Saturday, 18 July 2009

Farewell to Forty Overs

Mention 40-over cricket to me and my eyes are likely to mist over with a rush of nostalgia.

I saw my first game of cricket in 1967 (Derbyshire v Yorkshire at Chesterfield, final day) and saw a couple of games in 1968, then fell in love with cricket when we went to a few Player's County League matches, as it was then called, in 1969.

My appetite was really whetted by a game between Derbyshire and the International Cavaliers at Chesterfield in 1968, when Geoff Boycott (a Cavalier?)opened with South African Fred Goldstein with Barry Richards at number 3. Rain ruined the game, but not before the young Richards had hit 49 from 112-3 in 23 overs, with Derbyshire unable to bat. Les Jackson came out of retirement for that one and bowled 9-1-19-2 at the age of 47.

Even for a novice it was obvious that Derbyshire weren't very good at this game. Anything around 150 in 40 overs was usually too much for us. The "highlight" was watching us play an albeit strong Kent side at Chesterfield, when we batted through the 40 overs for 109 all out... David Smith carried his bat for 36 not out. My Dad reckoned he wanted it wrapped around his head batting all that time for so few and Kent won in a canter with Denness, Woolmer, Luckhurst, Knott and Underwood in their ranks.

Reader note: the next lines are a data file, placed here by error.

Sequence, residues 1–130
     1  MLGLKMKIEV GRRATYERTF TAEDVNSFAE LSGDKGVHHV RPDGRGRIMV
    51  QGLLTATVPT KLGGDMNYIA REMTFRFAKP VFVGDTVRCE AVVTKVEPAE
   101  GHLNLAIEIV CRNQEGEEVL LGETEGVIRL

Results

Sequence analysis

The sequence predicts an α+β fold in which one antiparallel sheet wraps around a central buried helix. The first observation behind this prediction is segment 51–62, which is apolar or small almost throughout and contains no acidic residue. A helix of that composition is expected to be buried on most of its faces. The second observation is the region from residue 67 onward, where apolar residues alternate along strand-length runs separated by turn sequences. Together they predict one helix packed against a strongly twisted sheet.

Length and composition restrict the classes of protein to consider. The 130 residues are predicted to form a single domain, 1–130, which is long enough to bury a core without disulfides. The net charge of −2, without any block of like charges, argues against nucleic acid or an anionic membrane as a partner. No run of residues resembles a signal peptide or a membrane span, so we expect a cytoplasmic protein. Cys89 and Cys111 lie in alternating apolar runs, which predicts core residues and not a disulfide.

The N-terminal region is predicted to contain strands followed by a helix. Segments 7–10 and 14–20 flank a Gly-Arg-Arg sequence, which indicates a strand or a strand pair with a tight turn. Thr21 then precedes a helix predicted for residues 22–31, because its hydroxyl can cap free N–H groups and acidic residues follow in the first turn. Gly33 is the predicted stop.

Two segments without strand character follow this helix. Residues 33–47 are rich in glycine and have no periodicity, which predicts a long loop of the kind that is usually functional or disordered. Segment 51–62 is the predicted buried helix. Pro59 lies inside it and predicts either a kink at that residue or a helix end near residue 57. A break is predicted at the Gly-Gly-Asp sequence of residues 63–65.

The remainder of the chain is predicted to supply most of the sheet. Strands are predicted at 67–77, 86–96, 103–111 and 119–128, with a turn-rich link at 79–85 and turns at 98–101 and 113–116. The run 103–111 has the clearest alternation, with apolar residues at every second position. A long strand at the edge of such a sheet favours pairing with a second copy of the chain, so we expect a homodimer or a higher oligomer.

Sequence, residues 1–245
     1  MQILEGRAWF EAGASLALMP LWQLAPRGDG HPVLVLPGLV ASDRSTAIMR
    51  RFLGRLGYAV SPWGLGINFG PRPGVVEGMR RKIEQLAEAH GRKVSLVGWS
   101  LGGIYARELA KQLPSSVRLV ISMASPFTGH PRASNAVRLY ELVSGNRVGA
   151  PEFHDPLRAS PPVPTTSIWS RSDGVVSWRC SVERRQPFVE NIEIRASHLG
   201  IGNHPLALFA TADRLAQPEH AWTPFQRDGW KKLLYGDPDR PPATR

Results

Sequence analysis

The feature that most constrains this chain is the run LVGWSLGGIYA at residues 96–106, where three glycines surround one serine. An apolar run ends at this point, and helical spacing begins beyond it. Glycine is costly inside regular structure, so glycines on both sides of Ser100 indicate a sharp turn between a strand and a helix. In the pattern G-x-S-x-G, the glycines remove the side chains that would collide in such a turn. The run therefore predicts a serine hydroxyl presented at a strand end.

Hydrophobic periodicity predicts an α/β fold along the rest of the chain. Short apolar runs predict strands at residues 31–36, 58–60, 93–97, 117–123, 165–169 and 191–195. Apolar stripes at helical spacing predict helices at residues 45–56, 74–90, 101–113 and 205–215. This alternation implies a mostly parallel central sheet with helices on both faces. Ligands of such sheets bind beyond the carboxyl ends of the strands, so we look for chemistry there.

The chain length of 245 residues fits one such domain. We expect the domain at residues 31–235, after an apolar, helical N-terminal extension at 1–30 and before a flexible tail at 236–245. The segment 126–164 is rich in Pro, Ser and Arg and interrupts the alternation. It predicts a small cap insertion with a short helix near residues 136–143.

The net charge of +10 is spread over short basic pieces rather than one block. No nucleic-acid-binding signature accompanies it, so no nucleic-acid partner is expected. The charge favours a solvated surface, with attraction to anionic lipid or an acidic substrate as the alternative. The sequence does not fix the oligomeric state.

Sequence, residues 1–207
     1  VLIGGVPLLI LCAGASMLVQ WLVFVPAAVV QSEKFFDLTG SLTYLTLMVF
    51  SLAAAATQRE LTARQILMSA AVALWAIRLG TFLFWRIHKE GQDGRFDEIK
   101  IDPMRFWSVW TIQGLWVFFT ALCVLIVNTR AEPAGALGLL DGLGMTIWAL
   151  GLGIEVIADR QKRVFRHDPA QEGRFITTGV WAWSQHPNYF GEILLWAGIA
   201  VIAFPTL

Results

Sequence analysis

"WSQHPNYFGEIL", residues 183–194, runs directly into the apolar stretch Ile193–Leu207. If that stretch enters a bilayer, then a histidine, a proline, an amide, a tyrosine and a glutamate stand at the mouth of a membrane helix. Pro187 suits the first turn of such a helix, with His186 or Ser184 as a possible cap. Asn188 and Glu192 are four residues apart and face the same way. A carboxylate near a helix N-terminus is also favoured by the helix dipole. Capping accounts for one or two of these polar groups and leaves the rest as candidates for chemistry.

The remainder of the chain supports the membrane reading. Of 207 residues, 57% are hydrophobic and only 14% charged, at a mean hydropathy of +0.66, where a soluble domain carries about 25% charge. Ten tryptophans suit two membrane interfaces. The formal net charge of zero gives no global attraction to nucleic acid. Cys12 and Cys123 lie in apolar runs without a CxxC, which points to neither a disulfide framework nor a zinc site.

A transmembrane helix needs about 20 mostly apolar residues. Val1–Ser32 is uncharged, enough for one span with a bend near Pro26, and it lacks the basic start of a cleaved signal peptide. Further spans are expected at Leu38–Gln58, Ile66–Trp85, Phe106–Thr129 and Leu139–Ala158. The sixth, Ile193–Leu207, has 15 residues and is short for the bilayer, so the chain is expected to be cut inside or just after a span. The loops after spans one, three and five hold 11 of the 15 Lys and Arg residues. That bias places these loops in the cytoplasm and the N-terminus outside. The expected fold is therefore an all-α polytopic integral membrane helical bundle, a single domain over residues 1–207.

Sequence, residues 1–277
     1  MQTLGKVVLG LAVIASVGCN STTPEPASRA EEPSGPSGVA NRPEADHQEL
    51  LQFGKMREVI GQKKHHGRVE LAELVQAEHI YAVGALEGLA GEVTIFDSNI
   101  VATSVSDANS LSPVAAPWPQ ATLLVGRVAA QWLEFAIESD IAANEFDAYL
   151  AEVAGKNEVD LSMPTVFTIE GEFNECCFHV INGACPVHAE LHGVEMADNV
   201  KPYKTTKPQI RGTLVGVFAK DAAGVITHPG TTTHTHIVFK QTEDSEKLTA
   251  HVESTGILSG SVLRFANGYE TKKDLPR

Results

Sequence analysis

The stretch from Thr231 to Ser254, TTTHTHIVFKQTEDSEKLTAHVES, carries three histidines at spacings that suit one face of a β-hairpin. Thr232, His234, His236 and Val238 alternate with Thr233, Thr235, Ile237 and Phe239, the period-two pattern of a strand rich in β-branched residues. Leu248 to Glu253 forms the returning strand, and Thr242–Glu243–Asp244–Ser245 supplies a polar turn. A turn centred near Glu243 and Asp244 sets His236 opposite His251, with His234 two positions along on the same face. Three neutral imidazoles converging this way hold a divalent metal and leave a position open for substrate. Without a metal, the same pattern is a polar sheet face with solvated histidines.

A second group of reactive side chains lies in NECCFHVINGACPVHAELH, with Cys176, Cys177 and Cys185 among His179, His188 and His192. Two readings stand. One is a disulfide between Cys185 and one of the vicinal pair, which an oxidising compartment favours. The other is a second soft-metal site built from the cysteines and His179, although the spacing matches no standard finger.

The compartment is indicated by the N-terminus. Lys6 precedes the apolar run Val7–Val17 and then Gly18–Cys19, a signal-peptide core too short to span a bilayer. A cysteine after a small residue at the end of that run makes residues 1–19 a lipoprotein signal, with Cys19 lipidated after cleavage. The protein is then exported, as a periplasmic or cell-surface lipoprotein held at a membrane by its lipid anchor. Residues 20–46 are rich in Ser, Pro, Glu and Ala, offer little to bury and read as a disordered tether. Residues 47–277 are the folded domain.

The following year we actually turned things around and became good at it. We came third that year, thanks to some good captaincy by Ian Buxton and the addition of South African Chris Wilkins to the ranks. I loved to watch that man bat! My Dad worked down the pit and often took the chance of a snooze at the game, but I'd instructions to wake him when "Wilko" came in. He was that rarity, a player who would go for it from ball one. It was sometimes his undoing but he was a very good player who gave huge entertainment. Bowlers were unprepared for someone to walk down the pitch and hit them back over their heads as soon as he came in.